Goodwin asked the defense what the law’s wording of “requirement” and “presents” mean, in the context of prohibiting “orientations or requirements that present any form of certain stereotyping or bias.”

Why not use language that’s more definitive, he asked, such as “endorse” or “promote,” if that’s what the law intends?

The defense responded that “presents” would mean not just mentioning a discriminatory idea but that an educator or institution would have to characterize the idea as a ‘positive good.’

“You’re asking me to do a lot of work here,” Goodwin remarked on interpreting the word.

One of the state’s main defense arguments is that the lawsuit is a facial vagueness challenge, which means the suit is decided on whether the legislation is always unconstitutional and thus void.

Contrastingly, the plaintiff’s example of the overly broad enforcement of TPS’ “potential” HB 1775 violation would be an “as-applied challenge,” and wouldn’t be valid in this facial vagueness challenge case, the defense said. An “as-applied challenge” alleges that a certain application or implementation of the law is unconstitutional.

Interestingly, the state’s defense acknowledged TPS may actually have an “as applied” challenge to its violation because of how the law was broadly interpreted in that case.

The defense argued that mere uncertainty about the meaning of words does not itself meet the burden of a facial challenge.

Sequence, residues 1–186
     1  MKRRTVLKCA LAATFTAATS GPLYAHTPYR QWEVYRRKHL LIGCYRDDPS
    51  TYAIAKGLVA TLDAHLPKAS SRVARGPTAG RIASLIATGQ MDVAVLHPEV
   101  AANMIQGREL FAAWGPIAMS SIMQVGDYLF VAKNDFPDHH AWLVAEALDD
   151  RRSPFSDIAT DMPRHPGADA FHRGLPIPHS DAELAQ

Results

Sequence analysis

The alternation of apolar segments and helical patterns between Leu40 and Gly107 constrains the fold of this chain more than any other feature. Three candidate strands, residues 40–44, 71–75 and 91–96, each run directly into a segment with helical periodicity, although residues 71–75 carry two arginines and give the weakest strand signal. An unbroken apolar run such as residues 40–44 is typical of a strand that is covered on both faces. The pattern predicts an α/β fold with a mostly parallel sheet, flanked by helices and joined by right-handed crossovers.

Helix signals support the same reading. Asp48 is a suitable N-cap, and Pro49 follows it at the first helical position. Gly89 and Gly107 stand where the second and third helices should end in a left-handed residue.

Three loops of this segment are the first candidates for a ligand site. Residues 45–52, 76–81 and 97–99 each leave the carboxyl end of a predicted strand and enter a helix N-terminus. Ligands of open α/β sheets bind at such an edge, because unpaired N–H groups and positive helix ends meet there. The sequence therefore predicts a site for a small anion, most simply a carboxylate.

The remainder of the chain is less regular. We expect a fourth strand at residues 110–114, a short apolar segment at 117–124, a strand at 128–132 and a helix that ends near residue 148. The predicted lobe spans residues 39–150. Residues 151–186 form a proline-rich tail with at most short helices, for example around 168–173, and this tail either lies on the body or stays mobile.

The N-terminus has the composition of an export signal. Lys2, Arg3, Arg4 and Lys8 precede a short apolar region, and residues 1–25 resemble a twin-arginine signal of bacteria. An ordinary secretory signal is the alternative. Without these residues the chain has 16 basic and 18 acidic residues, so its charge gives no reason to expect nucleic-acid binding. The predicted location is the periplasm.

The state’s defense also argued because there’s a provision in the law prioritizing the Oklahoma Academic Standards when classroom concepts conflict with the law, teachers are protected as long as they follow the standards and don’t “willfully” violate it.

Goodwin offered a stream of hypothetical situations for the defense to answer for, such as how a teacher should respond if a student says the Protestant work ethic and the idea of meritocracy is inherently racist. Is the teacher obligated to say that isn’t true? Would they be in violation of the law if they acknowledged the student made a good point?

The defense answered the teacher doesn’t have to respond, but if they do, they need to respond in compliance with HB 1775. It also argued the hypothetical situations presented don’t matter in a facial vagueness challenge.

But the plaintiffs answered that argument by saying the so-called “safe harbor” of Oklahoma Academic Standards trumping any HB 1775 conflicts doesn’t provide more clarity but instead compounds the confusion and places educators in the middle of legal interpretation.

The safe harbor, plaintiffs’ lawyers argued, does nothing to curb the “chilling effect” the law has.

Following the hearing, lawyers for the plaintiffs gave a press conference outside of the courthouse. Maya Brodziak, an attorney with the Lawyers Committee for Civil Rights Under Law, said the law has insidious, undemocratic origins.

“We know full well how and why this law came about,” Brodziak said. “Many Oklahoman legislators fear the truth of the history of racism and genderism being taught in our classrooms. They want to whitewash history, censor the experiences and viewpoints of people of color and other marginalized communities, and, in the end, indoctrinate students on historical viewpoints that only align with their own. This is not what democracy is about.”

What happens next?

Goodwin could issue the preliminary injunction, which would halt all HB 1775 proceedings. He also weighed the possibility of striking down certain parts of the law and keeping others, or “narrowly constructing” the law — meaning the statute would get more clarifying language. He could also send the case or parts of it to the Oklahoma Supreme Court to weigh in.

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Beth Wallis is StateImpact Oklahoma's education reporter.